circle with radius r and center at the origin
standard equation of a circle
(x – h)2 + (y – k)2 = r2
with center (h,k) and radius r
y
x
(x,y)
x
y r
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Lines and Circles
• Secant (AB) – a line that intersects a
circle in two points. • Tangent (CD) – a line (or ray or
segment) that intersects a circle in exactly one point, the point of tangency, D.
C
D
A
B
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Secant
If two lines intersect in the interior of a circle, then the measure of the angle
formed is one-half the sum of the measures of the intercepted arcs.
m∠1 = 21
(x° + y°)
y° 1 x°
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Tangent
A line is tangent to a circle if and only if the line is perpendicular to a radius
drawn to the point of tangency.
QS is tangent to circle R at point Q.
Radius RQ ⊥ QS
Q S
R
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Tangent
If two segments from the same exterior point are tangent to a circle, then they
are congruent.
AB and AC are tangent to the circle at points B and C.
Therefore, AB ≅ AC and AC = AB.
C
B
A
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Central Angle
an angle whose vertex is the center of the circle
∠ACB is a central angle of circle C. Minor arc – corresponding central angle is less than 180° Major arc – corresponding central angle is greater than 180°
A
B
C
minor arc AB
major arc ADB
D
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Measuring Arcs
Minor arcs Major arcs Semicircles
The measure of the entire circle is 360o. The measure of a minor arc is equal to its central angle. The measure of a major arc is the difference between
360° and the measure of the related minor arc.
A D
B
R
C
70° 110°
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Arc Length
Example:
4 cm
A
B
C 120°
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Secants and Tangents
m∠1 = 21(x°- y°)
Secant-tangent
1
x°
y°
Two secants
1
x°
y° Two tangents
1
x°
y°
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Inscribed Angle
angle whose vertex is a point on the circle and whose sides contain chords of
the circle
B
A
C
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Area of a Sector region bounded by two radii and their
intercepted arc
Example:
cm
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Inscribed Angle Theorem
If two inscribed angles of a circle intercept the same arc, then the angles
are congruent.
∠BDC ≅ ∠BAC
A
D B
C
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Inscribed Angle Theorem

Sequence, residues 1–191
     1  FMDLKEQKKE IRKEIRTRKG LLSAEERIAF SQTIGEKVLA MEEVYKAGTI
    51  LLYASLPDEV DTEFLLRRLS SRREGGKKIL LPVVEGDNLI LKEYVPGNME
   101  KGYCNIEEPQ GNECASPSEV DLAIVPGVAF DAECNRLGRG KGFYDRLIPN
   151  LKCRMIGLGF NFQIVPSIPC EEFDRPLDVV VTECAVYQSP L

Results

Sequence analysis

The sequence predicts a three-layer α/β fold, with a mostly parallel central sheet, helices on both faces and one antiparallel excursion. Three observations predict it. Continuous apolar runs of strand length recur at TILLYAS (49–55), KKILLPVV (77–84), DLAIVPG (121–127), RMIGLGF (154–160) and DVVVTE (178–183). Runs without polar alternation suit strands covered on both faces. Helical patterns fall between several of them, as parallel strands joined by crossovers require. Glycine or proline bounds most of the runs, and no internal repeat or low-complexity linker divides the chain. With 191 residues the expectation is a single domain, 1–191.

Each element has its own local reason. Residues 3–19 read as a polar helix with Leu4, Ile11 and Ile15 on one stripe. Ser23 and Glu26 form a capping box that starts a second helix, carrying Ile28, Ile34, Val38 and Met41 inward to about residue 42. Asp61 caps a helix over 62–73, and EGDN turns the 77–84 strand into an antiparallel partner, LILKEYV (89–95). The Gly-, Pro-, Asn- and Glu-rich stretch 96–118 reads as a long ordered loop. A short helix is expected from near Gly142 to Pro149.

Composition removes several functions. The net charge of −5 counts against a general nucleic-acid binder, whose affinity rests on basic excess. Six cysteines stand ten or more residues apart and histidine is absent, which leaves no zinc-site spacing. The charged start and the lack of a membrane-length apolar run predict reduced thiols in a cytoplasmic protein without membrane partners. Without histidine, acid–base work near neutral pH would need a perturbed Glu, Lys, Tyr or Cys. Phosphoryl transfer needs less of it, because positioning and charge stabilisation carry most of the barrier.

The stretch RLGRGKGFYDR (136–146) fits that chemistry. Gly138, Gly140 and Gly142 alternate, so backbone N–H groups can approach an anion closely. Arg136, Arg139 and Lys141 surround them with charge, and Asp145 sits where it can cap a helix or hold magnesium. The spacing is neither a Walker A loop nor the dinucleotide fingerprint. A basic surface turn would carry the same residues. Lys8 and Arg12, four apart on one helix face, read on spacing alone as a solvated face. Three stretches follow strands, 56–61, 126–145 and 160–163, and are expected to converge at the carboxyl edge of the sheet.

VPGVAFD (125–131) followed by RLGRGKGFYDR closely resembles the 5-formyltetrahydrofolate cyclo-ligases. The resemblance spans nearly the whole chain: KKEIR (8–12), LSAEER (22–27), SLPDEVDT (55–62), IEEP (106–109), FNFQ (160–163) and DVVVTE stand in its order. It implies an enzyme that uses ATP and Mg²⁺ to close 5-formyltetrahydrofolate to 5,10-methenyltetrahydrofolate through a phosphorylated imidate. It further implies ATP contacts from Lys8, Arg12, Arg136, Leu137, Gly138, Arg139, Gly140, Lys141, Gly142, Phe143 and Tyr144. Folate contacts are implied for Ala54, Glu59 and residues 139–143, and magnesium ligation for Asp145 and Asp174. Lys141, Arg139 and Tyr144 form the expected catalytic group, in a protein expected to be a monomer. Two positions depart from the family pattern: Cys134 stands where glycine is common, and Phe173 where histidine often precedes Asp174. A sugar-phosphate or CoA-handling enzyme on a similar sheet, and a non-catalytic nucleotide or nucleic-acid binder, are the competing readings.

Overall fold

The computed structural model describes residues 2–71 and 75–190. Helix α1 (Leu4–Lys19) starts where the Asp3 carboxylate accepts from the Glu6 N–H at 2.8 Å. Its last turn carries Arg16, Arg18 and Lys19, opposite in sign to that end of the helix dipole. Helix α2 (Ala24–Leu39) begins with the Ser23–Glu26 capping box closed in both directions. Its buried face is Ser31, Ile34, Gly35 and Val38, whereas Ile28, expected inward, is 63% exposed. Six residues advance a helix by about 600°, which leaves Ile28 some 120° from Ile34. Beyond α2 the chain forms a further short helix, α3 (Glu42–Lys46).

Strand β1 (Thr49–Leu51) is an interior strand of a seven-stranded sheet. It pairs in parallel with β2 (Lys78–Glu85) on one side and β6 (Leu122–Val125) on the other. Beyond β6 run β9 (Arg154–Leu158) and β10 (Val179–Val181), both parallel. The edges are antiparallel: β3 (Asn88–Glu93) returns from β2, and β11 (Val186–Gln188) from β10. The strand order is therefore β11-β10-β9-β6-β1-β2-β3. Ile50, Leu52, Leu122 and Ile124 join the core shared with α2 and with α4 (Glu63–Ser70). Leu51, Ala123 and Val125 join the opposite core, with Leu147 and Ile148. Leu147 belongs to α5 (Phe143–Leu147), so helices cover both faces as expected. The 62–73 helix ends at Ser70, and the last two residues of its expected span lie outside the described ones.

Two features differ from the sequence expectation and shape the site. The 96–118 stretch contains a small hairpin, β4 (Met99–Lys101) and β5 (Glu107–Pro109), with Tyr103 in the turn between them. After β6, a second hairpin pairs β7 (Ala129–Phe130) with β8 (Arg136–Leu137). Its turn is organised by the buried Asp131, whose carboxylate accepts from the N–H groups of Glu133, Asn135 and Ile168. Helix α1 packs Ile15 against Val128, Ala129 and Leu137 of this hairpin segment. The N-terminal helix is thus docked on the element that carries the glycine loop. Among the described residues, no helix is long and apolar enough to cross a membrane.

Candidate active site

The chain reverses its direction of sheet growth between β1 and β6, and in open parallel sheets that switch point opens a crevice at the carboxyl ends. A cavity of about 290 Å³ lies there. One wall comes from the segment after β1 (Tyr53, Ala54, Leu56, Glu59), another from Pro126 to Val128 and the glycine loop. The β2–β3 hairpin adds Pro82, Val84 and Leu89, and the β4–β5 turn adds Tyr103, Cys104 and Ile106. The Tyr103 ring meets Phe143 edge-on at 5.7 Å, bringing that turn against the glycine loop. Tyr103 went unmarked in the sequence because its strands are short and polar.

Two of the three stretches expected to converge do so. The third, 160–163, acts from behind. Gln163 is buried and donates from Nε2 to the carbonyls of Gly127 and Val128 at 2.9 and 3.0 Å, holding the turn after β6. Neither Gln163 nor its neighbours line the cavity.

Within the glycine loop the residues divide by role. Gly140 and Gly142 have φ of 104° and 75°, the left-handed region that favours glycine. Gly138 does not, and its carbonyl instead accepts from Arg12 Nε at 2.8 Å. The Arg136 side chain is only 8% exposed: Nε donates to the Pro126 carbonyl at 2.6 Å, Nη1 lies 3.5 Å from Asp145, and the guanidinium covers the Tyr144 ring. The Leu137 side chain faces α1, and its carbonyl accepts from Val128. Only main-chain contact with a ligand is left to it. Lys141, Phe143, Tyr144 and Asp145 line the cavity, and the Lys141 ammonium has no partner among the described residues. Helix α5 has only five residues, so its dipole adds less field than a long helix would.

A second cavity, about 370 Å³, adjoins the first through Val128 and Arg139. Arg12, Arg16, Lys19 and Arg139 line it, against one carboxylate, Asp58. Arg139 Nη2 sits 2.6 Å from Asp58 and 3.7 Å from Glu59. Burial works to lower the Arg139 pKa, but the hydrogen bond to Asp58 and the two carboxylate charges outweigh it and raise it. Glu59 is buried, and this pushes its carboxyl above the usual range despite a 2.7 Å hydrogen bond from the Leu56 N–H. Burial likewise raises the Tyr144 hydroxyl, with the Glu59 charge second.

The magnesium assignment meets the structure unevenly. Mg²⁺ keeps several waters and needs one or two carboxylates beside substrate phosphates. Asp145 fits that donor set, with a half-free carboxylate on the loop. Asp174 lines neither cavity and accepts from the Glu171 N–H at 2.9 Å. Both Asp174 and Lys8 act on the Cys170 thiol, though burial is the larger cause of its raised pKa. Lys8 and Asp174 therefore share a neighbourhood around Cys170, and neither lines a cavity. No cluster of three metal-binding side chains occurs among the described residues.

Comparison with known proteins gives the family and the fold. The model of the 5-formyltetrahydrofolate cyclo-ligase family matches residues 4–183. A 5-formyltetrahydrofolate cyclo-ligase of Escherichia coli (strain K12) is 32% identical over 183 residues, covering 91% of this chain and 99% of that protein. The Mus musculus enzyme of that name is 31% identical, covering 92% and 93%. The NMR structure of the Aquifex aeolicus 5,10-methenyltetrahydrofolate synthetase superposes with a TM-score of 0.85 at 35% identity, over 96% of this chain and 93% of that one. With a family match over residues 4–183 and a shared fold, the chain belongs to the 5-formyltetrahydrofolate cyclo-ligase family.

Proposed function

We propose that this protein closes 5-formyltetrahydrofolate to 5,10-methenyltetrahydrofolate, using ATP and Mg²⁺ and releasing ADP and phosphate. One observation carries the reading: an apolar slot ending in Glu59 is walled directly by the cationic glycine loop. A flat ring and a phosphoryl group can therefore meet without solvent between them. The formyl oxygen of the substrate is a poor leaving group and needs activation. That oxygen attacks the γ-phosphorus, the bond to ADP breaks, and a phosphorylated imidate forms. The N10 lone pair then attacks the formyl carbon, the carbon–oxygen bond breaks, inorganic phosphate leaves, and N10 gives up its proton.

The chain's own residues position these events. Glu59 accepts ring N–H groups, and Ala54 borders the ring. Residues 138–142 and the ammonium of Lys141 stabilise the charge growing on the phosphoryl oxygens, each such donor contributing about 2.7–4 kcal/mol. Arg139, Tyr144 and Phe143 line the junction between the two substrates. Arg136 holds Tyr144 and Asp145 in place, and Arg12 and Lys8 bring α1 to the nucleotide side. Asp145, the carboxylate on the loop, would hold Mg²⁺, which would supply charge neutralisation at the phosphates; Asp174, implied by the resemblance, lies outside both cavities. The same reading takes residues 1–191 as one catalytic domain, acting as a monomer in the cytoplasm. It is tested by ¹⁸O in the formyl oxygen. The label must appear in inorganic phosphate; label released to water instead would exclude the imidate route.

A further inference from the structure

m∠BAC = 90° if and only if BC is a diameter of the circle.
O
A
C
B
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Inscribed Angle Theorem
M, A, T, and H lie on circle J if and only if m∠A + m∠H = 180° and
m∠T + m∠M = 180°.
85°
92°
88°
92° 95°
85° M
J
T H
A
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Segments in a Circle
If two chords intersect in a circle, then a∙b = c∙d.
Example: 12(6) = 9x 72 = 9x 8 = x
a b
c
d
12 6
x
9
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Segments of Secants Theorem
AB ∙ AC = AD ∙ AE Example: 6(6 + x) = 9(9 + 16) 36 + 6x = 225 x = 31.5
B A
C D
E
9 6
x
16
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Segments of Secants and
Tangents Theorem
AE2 = AB ∙ AC
Example: 252 = 20(20 + x) 625 = 400 + 20x x = 11.25
B A
C
E
25 20
x
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Three-Dimensional Figures
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Cone
solid that has a circular base, an apex, and a lateral surface
V = 31πr2h
L.A. (lateral surface area) = πrl S.A. (surface area) = πr2 + πrl
base
apex
height (h)
lateral surface (curved surface of cone) slant height (l)
radius(r)
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Cylinder
solid figure with congruent circular bases that lie in parallel planes
V = πr2h L.A. (lateral surface area) = 2πrh
S.A. (surface area) = 2πr2 + 2πrh
height (h)
radius (r)
base
base
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Polyhedron
solid that is bounded by polygons, called faces
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Similar Solids Theorem
If two similar solids have a scale factor of a:b, then their corresponding surface areas have a
ratio of a2: b2, and their corresponding volumes have a ratio of a3: b3.
cylinder A ∼ cylinder B
Example
scale factor a : b 3:2
ratio of surface areas a
2: b2 9:4
ratio of volumes a3: b3 27:8 B A
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Sphere
a three-dimensional surface of which all points are equidistant from
a fixed point
radius
V = 34πr3
S.A. (surface area) = 4πr2
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Pyramid
polyhedron with a polygonal base and triangular faces meeting in a common vertex
V = 31Bh
L.A. (lateral surface area) = 21
lp
S.A. (surface area) = 21
lp + B
vertex
base
slant height (l) height (h)
area of base (B)
perimeter of base (p)